Sea Conditions: Water temperature 15.8°c

Chesil Beach:  Calm and clear water

Portland: Slight swell and clear water

Portland Harbour:Calm and clear

Weymouth Bay: Calm and clear

Chesil Beach forecast: I was asked a question on my Facebook feed earlier in the week about fishing at West Bexington. The Angler wanted to just turn up, park and hopefully catch fish. Another angler replied that it was better not to bother as he had been the week before and the fishing was rubbish. I have included part of the conversation from the thread below:

West Bexington, like most of Chesil Beach at this time of year, is very much about getting on to a specific mark. If it is Plaice that you are after then you need to be hitting the clay beds where they feed. The same can be said when you are targeting Bream. They like to hang around structure. That might be something as small as a large rock or two, or even an old rib from a long forgotten sunken wreck. Despite what many people think, Chesil is not a flat and featureless beach. Once you have found a mark that produces for yourself, make sure you take land marks, so that when you return again, you will remember where it is.
I have built up a number of marks that I go to in different conditions, depending on what I want to catch, but it has taken years.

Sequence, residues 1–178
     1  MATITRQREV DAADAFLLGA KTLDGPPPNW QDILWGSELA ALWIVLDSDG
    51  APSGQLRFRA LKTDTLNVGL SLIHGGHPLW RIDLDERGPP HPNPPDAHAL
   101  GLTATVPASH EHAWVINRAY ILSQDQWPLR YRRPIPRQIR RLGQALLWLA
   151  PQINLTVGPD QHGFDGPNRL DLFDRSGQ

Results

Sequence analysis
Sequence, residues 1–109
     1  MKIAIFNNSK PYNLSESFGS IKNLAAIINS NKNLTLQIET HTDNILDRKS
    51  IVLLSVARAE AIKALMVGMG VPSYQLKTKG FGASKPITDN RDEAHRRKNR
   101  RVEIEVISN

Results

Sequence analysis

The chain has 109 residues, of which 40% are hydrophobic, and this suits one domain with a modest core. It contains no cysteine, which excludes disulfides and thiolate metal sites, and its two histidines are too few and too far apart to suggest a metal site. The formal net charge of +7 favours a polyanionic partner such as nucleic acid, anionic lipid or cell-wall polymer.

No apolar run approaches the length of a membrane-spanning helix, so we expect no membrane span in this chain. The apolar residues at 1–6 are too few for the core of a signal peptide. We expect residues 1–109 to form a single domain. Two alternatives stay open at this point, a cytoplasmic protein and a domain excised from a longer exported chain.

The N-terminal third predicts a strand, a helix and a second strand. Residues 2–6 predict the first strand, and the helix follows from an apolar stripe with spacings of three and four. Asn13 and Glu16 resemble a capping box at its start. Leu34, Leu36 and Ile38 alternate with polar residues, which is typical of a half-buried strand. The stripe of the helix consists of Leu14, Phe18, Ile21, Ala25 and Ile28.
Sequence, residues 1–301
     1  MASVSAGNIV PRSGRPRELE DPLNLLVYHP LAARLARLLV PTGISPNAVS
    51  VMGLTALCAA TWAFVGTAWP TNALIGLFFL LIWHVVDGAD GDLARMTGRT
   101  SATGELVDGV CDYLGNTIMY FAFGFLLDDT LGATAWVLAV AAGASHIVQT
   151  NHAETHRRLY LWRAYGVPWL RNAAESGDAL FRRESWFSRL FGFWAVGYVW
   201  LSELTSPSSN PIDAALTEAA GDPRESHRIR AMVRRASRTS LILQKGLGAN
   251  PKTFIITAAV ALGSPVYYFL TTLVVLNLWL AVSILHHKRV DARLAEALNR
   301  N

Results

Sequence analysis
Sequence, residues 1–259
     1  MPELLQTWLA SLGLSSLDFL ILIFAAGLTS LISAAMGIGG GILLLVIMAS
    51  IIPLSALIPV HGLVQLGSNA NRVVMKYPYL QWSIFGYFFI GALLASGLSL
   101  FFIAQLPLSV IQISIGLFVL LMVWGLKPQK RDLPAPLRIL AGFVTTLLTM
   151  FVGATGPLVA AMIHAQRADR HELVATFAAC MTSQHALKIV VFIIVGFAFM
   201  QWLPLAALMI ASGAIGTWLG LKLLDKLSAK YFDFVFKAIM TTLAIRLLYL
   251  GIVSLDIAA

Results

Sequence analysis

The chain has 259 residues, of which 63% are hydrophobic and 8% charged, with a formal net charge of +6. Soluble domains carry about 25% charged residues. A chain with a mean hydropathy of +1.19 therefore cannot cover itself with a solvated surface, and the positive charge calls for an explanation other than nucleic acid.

A week is a long time in fishing. The fishing may have been rubbish last Wednesday, but we were at the start of the spring tides. Large tides normally mean a short window of opportunity, when the fish feed due to the strength of the current, especially at the Western end of Chesil. They often only feed during that one hour period of the tide phase, when it drops in strength. Another misconception is that high water is the best time to fish. That is certainly not true of Chesil. I find the ebb towards low water often produces more fish.
In a nutshell, don’t expect to just turn up at the car park at West Bexington or Abbotsbury and catch loads of fish. Sometimes you will get lucky, but good anglers make their own luck. They put in the effort to find the marks, and often have to walk a considerable distance. I know this is not possible for those that are unfit or are incapable of climbing up the steep shelves.
One man that made the effort is Kevin Webb, who showed how good Chesil can be. In a last minute session this week he managed a lovely Codling of 6lb 6oz.
Cod Kevin
If that wasn’t good enough he had Mackerel, Plaice and a Cuttlefish of almost 5lb. His is not the first Cuttlefish caught of Chesil this week.
Mixed Bag Kevin webb